We accord money with the equivalence of security because of a gut level instinct that money should bring us personal security from hunger, hardship and deprivation. This is quite likely true for many of us in the short run, but we would do well to note that our real desire is for security with peace, not the money itself. The money is the means that we believe will enable us to create the security which will allow us to live in peace. We actually desire peace, it’s just that we believe money will give us peace.
We are attracted by the notion that we can own money, that we can possess and protect our money. Whereas peace is not a tangible asset. We understand that peace exists only in the moment of time, dependent on our mutual intention that it should.
When we choose money over peace we do so because it seems more likely to reach us personally than the notion of peace, which we are dependent on others to attain. We choose money over peace when we support oppressive regimes for access to minerals. We choose money over peace when we buy products made from those minerals. We choose money over peace when we make drugs illegal, and buy them anyway. We choose money over peace when we begrudge paying taxes to help others. We choose money over peace when we build more prisons. In every case we argue that our aim is our security. What we mean is our personal security, a very close and narrow view of our personal security, right here and now. The security of our supplies, the security of our morality, the security of our low prices and the security of our lifestyles.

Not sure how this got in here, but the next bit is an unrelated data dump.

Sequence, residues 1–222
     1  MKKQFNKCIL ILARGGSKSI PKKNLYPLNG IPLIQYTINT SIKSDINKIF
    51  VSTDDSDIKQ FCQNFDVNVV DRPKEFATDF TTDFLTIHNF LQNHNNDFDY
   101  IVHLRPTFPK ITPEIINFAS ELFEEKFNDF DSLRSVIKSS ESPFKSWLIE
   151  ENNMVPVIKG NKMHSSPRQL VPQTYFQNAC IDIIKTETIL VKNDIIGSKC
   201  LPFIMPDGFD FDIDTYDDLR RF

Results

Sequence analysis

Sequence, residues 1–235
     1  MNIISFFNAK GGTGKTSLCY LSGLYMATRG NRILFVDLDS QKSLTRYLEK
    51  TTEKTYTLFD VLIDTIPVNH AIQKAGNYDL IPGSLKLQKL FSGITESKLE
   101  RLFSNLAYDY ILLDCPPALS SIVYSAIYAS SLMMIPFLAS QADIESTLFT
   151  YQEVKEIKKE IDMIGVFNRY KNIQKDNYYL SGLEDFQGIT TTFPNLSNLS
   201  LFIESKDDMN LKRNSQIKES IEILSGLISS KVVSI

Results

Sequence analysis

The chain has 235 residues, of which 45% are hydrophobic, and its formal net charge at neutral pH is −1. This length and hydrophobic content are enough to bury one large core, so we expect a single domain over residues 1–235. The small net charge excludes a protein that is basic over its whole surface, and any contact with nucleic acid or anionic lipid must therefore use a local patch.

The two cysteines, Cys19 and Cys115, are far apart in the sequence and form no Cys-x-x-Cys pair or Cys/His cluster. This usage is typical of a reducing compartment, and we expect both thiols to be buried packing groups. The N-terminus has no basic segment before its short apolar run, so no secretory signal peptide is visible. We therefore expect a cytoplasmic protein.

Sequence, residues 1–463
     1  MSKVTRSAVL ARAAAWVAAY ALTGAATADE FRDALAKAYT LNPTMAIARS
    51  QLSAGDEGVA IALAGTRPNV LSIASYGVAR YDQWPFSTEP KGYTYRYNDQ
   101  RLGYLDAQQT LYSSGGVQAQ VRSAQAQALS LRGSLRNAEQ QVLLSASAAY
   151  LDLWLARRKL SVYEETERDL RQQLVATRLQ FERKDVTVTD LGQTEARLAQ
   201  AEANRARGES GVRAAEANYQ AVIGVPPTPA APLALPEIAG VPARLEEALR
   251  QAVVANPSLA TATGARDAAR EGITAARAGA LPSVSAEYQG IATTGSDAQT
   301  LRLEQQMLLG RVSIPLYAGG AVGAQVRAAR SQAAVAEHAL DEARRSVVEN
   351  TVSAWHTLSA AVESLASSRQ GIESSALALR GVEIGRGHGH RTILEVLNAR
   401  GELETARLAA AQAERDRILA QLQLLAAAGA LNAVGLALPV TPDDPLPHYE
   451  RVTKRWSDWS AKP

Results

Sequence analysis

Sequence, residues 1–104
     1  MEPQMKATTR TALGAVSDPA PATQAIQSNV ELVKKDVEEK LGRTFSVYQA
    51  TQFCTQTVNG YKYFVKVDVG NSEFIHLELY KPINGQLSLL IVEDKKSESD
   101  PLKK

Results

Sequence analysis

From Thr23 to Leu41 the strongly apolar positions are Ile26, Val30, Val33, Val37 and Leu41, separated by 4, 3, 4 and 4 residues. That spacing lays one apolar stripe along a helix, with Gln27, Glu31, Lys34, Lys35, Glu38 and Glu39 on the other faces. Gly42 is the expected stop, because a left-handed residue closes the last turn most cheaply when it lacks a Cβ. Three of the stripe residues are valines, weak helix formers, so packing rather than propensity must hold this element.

But we are not choosing peace.
We really do desire peace, but we do not actually choose it. We know that helping to oppress the freedom of others is not a choice for peace. We know that poverty does not foster peace in our communities. We know that locking people up does not lift them up. We know all of this, and yet we still choose money over peace. And guess what? Our choices beget our rationale. The oppression, the poverty and the violence that we create, and now see all around us, are further fodder for justifying our decisions to choose money over peace. What d’ya know? Whodathunkit? Our inward facing, narrow, personal logic (aka instinct) has led us to create exactly what we feared all along.
But we still want peace. That hasn’t changed. All the money in the world is no good to us if it does not bring us the security of peace. We know that too. On some level we know that we are taking the great gamble. We are gambling that the personal security we purchase, will last the longer than it will take for the un-peaceful consequences of our choices to catch up with us.